Spam actor Simon star of full Monty

LAUGHS: Simon Lipkin and Jodie Prenger in Monty Python's Spamalot

Aimée Horwich raises the curtain on the career of stage actor Simon Lipkin

DESPITE the industry being renowned for its Jewish influence, a career in musical theatre isn't a typical day job for a nice Jewish boy.

That is, unless your name is Simon Lipkin. For the 24-year-old is already an established name in the West End.

"I guess I was a hyperactive child and my parents didn't quite know what to do with me - so they sent me to a drama club round the corner from our house," recalled Simon, who is originally from Essex.

"Ever since I can remember, we went for trips out to the West End to see musicals - I remember seeing Jason Donovan in Joseph and the Amazing Technicolor Dreamcoat and watching Les Miserables."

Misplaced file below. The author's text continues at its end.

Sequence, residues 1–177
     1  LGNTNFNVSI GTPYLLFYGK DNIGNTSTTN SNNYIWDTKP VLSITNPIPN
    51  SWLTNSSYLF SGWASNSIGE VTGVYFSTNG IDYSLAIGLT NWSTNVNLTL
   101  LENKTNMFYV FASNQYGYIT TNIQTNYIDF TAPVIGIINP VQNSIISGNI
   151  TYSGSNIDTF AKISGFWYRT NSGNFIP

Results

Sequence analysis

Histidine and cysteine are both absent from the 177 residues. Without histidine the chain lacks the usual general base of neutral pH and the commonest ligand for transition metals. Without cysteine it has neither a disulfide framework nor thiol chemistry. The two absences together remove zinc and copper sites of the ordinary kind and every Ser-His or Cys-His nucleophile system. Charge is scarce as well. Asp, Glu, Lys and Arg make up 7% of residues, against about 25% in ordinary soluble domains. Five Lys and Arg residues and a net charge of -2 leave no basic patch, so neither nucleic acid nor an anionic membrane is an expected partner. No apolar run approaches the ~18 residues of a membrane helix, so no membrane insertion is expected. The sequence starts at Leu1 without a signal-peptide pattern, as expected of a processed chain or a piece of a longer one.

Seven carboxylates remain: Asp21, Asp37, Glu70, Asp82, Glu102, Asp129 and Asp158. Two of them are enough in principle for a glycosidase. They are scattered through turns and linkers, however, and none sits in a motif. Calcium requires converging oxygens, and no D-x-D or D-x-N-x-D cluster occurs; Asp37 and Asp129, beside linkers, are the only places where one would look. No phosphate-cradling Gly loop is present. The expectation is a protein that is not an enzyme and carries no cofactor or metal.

Simon, who is currently appearing in the national tour of Monty Python's Spamalot, attended Ilford Jewish Primary School and was barmitzvah at Southwest Essex Reform Synagogue.

"I got a couple of laughs reading my portion - which is pretty hard to do from the Torah," said Simon, who is known for his sense of humour.

But this comes as little surprise, since his mother worked in TV production with comedy acts Morecambe and Wise and Kenny Everett.

"My mum actually took the rap when the Sex Pistols notoriously swore live on the Bill Grundy show in 1976 - she was in the control box and put the questions through," he explained.

Despite his mother's side of the family being extremely creative, Simon's father hoped his son would follow in his footsteps - as a lawyer.

"He said if you can act, you can be a lawyer," laughed Simon.

But this wasn't meant to be. The young actor attended the reputable Sylvia Young Theatre School in London, until he was 16.

Famous for training some of the country's brightest talents, Simon's classmates included Nicholas Hoult from About a Boy and Tom Fletcher from the pop band McFly.